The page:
NOPSA Calls for Improved Well Safety after Montara Incident
The National Offshore Petroleum Safety Authority (NOPSA) has provided a submission to the Commission of Inquiry into the Montara uncontrolled hydrocarbon release which includes a call for legislative change to improve the regulation of the integrity of offshore petroleum wells.
The Commission of Inquiry was established by the Federal Minister for Resources and Energy following the Montara Incident.
NOPSA has prepared and provided its submission based on what it regards as necessary improvements to the regulation of well safety in Australia. These improvements would, in the Authority’s opinion, further limit the likelihood of an incident such as the Montara uncontrolled release.
"First and foremost, the titleholder of a well has primary responsibility for its integrity and ensuring operations relating to it and associated facilities are safe, however, NOPSA has also submitted to the Commission of Inquiry that it strongly believes there is a requirement for legislative change to create a more focussed and better resourced administration for regulating the integrity of wells," said the CEO of NOPSA, Ms Jane Cutler.
NOPSA is currently undertaking an investigation into the Montara uncontrolled hydrocarbon release to determine whether any occupational health and safety laws have been contravened by the operators of the Montara well head platform and the West Atlas drilling unit. Subject to NOPSA's findings it will provide a brief of evidence to the Commonwealth Department of Prosecutions for their consideration.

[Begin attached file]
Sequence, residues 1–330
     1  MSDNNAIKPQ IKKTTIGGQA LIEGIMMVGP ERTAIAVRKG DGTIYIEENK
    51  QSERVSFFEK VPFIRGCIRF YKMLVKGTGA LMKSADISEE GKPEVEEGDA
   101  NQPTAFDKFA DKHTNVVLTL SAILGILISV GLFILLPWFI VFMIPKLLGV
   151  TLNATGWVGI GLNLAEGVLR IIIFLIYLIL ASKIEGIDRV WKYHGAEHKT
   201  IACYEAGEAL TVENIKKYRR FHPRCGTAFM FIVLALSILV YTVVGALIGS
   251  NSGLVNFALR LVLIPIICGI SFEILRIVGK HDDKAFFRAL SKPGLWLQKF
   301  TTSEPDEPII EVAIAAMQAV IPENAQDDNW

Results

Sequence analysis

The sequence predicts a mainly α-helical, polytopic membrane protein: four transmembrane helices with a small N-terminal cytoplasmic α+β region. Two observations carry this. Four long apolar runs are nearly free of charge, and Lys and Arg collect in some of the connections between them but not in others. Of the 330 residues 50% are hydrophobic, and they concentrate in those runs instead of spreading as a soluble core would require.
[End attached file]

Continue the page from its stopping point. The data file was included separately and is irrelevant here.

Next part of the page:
Although NOPSA's own investigation is continuing, it is clear that the uncontrolled release occurred because there was a failure of the integrity of one of the wells in the Montara field.
NOPSA is responsible for regulating the occupational health and safety of people at offshore petroleum facilities. NOPSA's functions and powers do not extend to the integrity of wells.
"NOPSA has submitted to the Commission of Inquiry that it strongly believes there is a requirement for legislative change to create a more focussed and better resourced administration for regulating the integrity of wells," said Ms Cutler.
"The Authority is of the view that, if resourced and funded accordingly, it has the appropriate expertise and would be best placed to administer legislation relating to the integrity and safety of wells," she said.
"Such a regulatory change augmenting the role of NOPSA would also help promote objectivity and independence by further separating safety from the resource management and government petroleum revenue generation activities of State and Northern Territory agencies which currently have responsibility for the critical assessment of Well Operations Management Plans."
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